The Church of San Xoán (or Saint John) of Portomarín is an unusual Late Romanesque temple as it is designed to be both a church and a castle and so has architectural characteristics of both buildings. As a church it has one barrel vaulted nave, a semicircular apse and all the typical decorations of Romanesque churches; these include a carved portal with archivolts, rose windows and carved capitals. As a castle its perimeter is surrounded by merlons, it has four defense towers (one at each corner) while behind it lies an adarve, a defensive street. The north west tower currently has a stork's nest with two young (2011). The church was relocated to its current position from the valley in the 1960s when the river was flooded to form a reservoir.
It is situated on the principal route of the Way of St. James to Santiago de Compostela, where other Templar and Knight Hospitaller churches and castles were constructed as a result of the effort of the Hospital Orders to protect the way to the tomb of Santiago; others include the churches of Torres del Río, Eunate and the Castle of Ponferrada.
The Church of St Donatus name refers to Donatus of Zadar, who began construction on this church in the 9th century and ended it on the northeastern part of the Roman forum. It is the largest Pre-Romanesque building in Croatia.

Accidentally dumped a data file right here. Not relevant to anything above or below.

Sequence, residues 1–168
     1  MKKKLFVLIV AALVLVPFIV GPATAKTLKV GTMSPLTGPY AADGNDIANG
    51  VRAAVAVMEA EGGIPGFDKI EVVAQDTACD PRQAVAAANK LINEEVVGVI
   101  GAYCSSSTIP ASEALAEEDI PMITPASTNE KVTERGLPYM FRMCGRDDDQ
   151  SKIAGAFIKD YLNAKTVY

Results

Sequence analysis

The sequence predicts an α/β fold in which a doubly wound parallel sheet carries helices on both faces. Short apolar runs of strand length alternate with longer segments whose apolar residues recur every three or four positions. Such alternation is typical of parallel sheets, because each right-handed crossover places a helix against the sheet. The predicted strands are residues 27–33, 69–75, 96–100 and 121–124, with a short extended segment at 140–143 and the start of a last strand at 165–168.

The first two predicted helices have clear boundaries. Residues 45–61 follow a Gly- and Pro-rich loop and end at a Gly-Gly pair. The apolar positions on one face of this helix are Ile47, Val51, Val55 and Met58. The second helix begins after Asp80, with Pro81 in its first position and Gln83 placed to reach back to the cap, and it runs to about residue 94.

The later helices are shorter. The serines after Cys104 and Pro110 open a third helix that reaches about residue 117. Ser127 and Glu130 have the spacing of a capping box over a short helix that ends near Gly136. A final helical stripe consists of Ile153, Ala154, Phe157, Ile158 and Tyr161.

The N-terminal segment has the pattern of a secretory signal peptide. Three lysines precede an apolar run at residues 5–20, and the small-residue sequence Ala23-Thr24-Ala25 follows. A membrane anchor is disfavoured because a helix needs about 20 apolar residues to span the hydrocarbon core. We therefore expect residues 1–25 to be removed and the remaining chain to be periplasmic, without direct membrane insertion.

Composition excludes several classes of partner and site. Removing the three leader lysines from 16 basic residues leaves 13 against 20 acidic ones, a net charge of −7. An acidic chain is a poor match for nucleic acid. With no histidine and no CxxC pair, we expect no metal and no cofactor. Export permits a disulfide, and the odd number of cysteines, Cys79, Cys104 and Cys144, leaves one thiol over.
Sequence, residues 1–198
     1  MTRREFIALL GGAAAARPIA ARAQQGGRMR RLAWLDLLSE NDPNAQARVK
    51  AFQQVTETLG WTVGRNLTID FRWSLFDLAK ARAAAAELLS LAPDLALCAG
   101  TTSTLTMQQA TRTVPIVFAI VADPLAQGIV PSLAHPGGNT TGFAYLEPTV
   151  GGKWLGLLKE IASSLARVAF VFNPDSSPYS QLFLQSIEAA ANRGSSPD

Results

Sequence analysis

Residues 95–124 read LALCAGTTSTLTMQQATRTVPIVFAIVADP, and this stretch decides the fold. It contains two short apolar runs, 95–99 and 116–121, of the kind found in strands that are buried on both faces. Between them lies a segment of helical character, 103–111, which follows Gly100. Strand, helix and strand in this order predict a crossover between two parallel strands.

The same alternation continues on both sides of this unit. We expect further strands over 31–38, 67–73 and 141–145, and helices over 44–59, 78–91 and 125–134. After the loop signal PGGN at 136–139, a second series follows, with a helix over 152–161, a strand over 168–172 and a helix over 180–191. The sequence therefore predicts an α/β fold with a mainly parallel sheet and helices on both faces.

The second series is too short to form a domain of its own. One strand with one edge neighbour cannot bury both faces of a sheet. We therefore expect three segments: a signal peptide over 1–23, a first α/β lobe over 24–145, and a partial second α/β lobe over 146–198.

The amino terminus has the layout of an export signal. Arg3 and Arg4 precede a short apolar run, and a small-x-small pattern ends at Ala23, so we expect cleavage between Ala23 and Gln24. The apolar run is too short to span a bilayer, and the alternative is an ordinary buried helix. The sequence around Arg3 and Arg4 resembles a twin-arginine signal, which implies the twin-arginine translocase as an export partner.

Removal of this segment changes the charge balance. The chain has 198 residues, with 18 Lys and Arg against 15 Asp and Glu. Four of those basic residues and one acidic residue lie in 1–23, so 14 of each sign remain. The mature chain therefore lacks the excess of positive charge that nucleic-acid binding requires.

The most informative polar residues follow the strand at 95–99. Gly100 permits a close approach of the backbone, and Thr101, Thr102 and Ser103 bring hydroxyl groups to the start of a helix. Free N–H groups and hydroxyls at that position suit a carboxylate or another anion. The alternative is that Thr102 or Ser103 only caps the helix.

The beginning of the building of the church was placed to the second half of the 8th century, and it is supposed to have been completed in the 9th century. The Zadar bishop and diplomat Donat (8th and 9th centuries) is credited with the building of the church. He led the representations of the Dalmatian cities to Constantinople and Charles the Great, which is why this church bears slight resemblance to Charlemagne"s court chapels, especially the one in Aachen, and also to the Basilica of San Vitale in Ravenna. It belongs to the Pre-Romanesque architectural period.
The circular church, formerly domed, is 27 m high and is characterised by simplicity and technical primitivism.